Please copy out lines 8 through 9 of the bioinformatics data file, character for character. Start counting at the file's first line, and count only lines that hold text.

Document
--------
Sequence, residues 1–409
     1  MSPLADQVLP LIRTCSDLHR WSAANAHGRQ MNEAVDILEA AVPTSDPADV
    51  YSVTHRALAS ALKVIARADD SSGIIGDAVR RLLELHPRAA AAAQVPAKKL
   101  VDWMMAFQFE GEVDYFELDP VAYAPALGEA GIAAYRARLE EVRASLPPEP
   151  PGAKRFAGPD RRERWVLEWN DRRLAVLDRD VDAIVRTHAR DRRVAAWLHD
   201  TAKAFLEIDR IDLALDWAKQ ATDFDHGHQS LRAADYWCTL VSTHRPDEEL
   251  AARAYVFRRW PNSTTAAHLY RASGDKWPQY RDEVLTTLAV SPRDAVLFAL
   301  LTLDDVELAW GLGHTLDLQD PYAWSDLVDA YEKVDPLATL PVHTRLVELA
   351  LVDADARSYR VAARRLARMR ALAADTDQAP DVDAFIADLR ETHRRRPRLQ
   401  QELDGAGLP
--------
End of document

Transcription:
   301  LTLDDVELAW GLGHTLDLQD PYAWSDLVDA YEKVDPLATL PVHTRLVELA
   351  LVDADARSYR VAARRLARMR ALAADTDQAP DVDAFIADLR ETHRRRPRLQ